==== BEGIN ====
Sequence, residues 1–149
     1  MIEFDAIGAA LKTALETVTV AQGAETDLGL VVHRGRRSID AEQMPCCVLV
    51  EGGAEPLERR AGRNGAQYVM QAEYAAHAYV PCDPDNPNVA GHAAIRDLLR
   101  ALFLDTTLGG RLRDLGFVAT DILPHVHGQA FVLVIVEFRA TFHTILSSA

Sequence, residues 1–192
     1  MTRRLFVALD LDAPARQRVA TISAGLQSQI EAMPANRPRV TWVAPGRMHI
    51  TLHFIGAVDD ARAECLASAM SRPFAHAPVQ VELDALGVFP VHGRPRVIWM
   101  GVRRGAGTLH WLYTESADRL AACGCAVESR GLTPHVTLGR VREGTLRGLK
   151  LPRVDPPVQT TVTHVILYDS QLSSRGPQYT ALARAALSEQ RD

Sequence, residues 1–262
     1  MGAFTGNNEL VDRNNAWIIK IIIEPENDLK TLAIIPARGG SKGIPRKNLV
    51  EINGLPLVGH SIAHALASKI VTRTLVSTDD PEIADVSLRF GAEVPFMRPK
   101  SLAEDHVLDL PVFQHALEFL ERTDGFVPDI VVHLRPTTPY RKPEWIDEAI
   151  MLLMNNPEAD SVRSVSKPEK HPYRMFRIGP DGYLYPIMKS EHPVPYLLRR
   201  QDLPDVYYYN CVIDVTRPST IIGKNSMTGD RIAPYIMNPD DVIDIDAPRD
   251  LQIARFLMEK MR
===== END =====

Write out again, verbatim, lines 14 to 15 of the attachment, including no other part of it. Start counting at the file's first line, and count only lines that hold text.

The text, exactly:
   151  MLLMNNPEAD SVRSVSKPEK HPYRMFRIGP DGYLYPIMKS EHPVPYLLRR
   201  QDLPDVYYYN CVIDVTRPST IIGKNSMTGD RIAPYIMNPD DVIDIDAPRD